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Insurance in the single market - update

Factsheet

Publication date:

01 January 2012

Last updated:

28 October 2018

Test Achats update bulletin. 

On 13 January 2012, the European Commission published in Official Journal C11, "Guidelines on the application of Council Directive 2004/113 to insurance, in the light of the judgment of the Court of Justice of the European Union in Case C-236/09 (Test-Achats)".

Background

Article 5 of Council Directive 2004/113, implementing the principle of equal treatment between men and women in the access to and supply of goods and services regulates the use of actuarial factors related to sex in the provision of insurance and other related financial services.

Article 5(1) provides that, for new contracts concluded after 21 December 2007 (the date the directive came into effect) the use of sex as an actuarial factor in the calculation of premiums and benefits must not result in differences in individuals' premiums and benefits (the "unisex rule").

Article 5(2) provides for derogation from this rule by allowing Member States to maintain proportionate differences in individuals' premiums and benefits where the use of sex is a determining factor in the assessment of risk based on relevant and accurate actuarial and statistical data.

Case C-236/09

In a judgment delivered on 1 March 2011 (the "Test-Achats ruling") the Court of Justice (CJEU) declared Article 5(2) of the directive invalid after a transitional period which will end on 21 December 2012.

The Court argued that, by enabling Member States to maintain without temporal limitation an exemption from the unisex rule laid down in Article 5(1), Article 5(2) runs counter to achievement of the objective of equal treatment between men and women in relation to the calculation of insurance premiums and benefits, which is the purpose of the directive as defined by the legislature in the insurance field. It is therefore incompatible with Articles 21 and 23 of the Charter of Fundamental Rights of the European Union.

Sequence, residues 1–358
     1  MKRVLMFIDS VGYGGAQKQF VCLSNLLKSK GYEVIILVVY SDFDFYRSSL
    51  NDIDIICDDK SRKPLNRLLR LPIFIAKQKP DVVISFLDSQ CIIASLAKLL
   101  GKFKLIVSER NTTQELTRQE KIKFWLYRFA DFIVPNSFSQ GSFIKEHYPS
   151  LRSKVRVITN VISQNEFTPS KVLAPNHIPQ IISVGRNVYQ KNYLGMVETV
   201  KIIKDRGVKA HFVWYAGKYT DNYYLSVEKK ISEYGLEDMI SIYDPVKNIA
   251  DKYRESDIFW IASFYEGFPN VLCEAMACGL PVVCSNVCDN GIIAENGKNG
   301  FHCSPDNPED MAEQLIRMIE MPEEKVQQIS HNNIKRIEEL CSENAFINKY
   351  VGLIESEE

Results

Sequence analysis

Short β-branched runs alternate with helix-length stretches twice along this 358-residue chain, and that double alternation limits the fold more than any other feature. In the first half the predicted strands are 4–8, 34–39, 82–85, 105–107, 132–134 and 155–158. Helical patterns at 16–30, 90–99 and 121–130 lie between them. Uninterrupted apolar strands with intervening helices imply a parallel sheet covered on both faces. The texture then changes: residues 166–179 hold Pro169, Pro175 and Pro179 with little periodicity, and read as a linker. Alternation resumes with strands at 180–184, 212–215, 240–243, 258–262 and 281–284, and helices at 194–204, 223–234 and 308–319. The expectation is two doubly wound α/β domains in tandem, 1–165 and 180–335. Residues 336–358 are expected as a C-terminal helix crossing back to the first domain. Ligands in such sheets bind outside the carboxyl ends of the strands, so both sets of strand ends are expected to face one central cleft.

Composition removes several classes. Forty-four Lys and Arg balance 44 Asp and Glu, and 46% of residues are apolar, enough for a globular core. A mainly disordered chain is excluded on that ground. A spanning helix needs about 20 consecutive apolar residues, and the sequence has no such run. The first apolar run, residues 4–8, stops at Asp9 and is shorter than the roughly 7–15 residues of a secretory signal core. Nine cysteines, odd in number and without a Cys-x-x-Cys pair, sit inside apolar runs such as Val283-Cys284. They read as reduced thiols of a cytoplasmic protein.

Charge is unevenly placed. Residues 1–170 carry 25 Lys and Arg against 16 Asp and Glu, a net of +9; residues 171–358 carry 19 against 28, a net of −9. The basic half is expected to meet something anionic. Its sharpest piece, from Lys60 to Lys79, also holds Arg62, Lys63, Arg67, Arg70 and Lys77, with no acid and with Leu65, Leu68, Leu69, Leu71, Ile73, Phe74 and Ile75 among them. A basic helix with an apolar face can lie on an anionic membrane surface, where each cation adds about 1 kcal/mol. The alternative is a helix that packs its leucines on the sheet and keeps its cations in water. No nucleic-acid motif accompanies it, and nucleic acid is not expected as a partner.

All Member States currently allow gender differentiation for at least one type of insurance. In particular, in all Member States, insurers are allowed to use sex as a risk-rating factor in life insurance.

The Test-Achats ruling will therefore have implications across the EU and the present guidelines aim to facilitate compliance with the ruling at national level. The Commission's position is without prejudice to any interpretation the CJEU may give to Article 5 in the future.

Guidance

Among other points, the Commission stresses that Article 5(1) applies only to new contracts, that there are certain gender-related insurance practices which remain possible and that it "would like to encourage a competitive and innovative industry such as the insurance sector to make the necessary adjustments and offer attractive unisex products to consumers without an unjustified impact on the overall price levels".

An Annex to the Guidelines includes examples of gender-related practices which remain possible after the Test-Achats ruling (in respect of life and health underwriting).

Tagged as

This document is believed to be accurate but is not intended as a basis of knowledge upon which advice can be given. Neither the author (personal or corporate), the CII group, local institute or Society, or any of the officers or employees of those organisations accept any responsibility for any loss occasioned to any person acting or refraining from action as a result of the data or opinions included in this material. Opinions expressed are those of the author or authors and not necessarily those of the CII group, local institutes, or Societies.